Social media for Photographers

Does a photographer need to bother with social networking – Blogs, Twitter,  Flickr, YouTube, yada yada yada – ?…
Don’t we have enough to do with sourcing work, keeping up with cameras, software, client relationships, tax returns and the whole schlemiel?

Blogs
Art Directors love to know what you’re up to, what’s in development and how your creative juices are flowing. A portfolio needs to be carefully organised and grouped, its not really a good place for the single great photo or an idea in development. But a blog can do just that… and of course you can put down your thoughts and and talk about incidental details about production and concepts.
We all know that a working relationship with your art director can make or break a shoot and the possiblilty of future work. So your blog can act like and art-director/photographer ‘dating agency’, introducing you to new clients and letting them discover your ‘feel-good factor’.

YouTube
If they don’t know about you they ain’t going to commission you… if you’re the one they remember then its you who’s  in with a chance at the job before anyone else… and to do that you need to place your marker on the landscape.
Youtube can be an effective way to do that, sometimes in a spectacular way. Two very good examples are Chase Jarvis and Melissa Rodwell
link: Chase
link: Melissa

Flickr
But isn’t Flickr for amateurs? No not really, in the eyes of today’s ‘Generation Y’ designers its an image source like any other, with a rich and varied amount of content. Its also another channel for instant publishing, note-booking, and developing ideas. You can even upload to Flickr via your Eye-fi memory card from anywhere there’s WiFi connectivity.

Twitter
The aforementioned ‘Generation Y’ are in touch with ‘the conversation’ all the time via their iPhones. And the place the conversation is happening is on Twitter. For some people its even superseding email.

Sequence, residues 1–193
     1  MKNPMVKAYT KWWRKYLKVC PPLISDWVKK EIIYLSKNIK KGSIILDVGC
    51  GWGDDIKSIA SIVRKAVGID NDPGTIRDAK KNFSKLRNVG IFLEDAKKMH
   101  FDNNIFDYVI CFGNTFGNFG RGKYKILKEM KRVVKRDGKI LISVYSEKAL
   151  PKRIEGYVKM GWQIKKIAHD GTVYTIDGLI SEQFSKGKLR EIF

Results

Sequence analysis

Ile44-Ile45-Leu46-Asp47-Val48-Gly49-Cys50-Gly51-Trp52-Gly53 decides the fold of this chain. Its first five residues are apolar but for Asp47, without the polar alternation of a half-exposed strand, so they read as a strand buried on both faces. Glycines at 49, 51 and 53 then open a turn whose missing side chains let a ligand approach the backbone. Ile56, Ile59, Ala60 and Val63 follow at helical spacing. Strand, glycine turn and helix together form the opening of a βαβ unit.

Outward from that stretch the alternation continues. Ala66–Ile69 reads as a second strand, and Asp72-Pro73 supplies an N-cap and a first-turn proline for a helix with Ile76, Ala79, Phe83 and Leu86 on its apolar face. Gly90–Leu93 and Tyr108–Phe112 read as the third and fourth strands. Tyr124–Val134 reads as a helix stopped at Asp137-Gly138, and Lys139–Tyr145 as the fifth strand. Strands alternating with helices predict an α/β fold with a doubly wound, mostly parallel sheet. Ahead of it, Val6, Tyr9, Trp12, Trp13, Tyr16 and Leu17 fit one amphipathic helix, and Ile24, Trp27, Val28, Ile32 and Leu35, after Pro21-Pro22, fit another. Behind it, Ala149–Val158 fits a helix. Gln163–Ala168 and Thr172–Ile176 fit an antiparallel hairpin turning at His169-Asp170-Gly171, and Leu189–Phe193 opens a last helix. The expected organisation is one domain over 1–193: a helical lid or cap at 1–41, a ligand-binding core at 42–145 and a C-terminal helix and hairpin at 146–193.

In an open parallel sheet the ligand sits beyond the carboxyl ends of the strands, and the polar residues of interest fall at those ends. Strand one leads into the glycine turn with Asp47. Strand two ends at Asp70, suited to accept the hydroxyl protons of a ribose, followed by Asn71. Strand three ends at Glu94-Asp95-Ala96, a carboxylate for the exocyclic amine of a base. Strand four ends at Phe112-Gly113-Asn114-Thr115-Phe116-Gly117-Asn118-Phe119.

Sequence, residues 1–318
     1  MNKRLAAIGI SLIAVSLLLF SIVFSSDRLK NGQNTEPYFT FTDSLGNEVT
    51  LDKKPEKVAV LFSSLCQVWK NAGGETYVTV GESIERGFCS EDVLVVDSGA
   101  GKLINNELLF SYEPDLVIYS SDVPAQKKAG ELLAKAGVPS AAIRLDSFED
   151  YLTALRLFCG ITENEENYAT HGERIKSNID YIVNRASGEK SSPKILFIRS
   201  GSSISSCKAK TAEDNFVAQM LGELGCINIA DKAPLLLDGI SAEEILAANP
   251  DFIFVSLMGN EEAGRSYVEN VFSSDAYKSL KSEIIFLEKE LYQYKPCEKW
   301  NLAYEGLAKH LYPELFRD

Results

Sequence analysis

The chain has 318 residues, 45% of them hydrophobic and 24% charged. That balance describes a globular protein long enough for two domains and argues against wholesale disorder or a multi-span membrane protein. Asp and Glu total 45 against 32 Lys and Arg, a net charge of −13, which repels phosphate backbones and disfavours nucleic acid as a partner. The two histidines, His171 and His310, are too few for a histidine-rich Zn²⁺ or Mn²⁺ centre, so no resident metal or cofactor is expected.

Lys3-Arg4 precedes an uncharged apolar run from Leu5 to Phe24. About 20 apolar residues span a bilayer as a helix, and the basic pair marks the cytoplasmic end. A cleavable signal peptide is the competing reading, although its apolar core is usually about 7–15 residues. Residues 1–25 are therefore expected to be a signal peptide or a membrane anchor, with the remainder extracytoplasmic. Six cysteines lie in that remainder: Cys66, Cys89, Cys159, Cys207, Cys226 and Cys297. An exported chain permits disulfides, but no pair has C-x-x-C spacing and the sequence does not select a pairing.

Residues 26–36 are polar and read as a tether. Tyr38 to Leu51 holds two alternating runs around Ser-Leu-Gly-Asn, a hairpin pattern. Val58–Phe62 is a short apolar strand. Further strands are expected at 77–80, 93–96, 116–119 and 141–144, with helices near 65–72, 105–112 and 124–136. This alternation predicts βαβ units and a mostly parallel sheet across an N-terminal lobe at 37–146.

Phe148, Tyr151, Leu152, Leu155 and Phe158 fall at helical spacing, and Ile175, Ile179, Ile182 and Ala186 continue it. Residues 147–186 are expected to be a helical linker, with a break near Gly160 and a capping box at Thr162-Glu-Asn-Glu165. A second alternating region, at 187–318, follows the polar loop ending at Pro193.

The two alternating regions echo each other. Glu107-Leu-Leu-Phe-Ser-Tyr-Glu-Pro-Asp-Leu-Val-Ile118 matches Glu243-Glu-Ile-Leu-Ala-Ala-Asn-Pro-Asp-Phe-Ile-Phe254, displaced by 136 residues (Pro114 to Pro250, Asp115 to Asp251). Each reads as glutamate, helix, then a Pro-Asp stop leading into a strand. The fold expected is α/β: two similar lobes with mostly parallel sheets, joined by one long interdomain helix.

Digital media is like mother’s milk to Gen Y, its always been around since they were born so its the natural place to be. Twitter’s brevity of only 140 characters means that people don’t waste their words. It also has the ability to link in to images, video and even short voice recordings. All linked together it becomes an astonishingly simple but rich resource.

link: Why text messages are limited to 160/140 characters

Priorities & Schedules
Like all parts of your business, its important to plan and segregate the time you spend on social networks, otherwise it can become a tangled mess that undermines your core activity.

Tweeting three or four times a week, with similarly three or four Tweets in a day should be enough. After a while you’ll find your own particular voice – your writing style, what you tweet about – and people will come to know the type of things to expect from you. Find you’re own slant on the world and  you’ll soon build a following. If your tweets are banal, devoid of content or you’re simply saying what everyone else is then your followers are likely to drop away.

Blog when there’s an interesting project to talk about or a great picture you want to share. A blog post every 10-14 days keeps things fresh. And of course tell people to read it by putting a link on Twitter.

But do designers and photography commissioners look at this stuff?
Like I said, its like a right arm to Gen Y. For the rest of them… well its the same as when the interweb and email first started to take off, many poo pooed it in public, but surreptitiously were using it all the time. And even the die hards will get to hear about the buzz you are creating via word of mouth.

Comments are closed.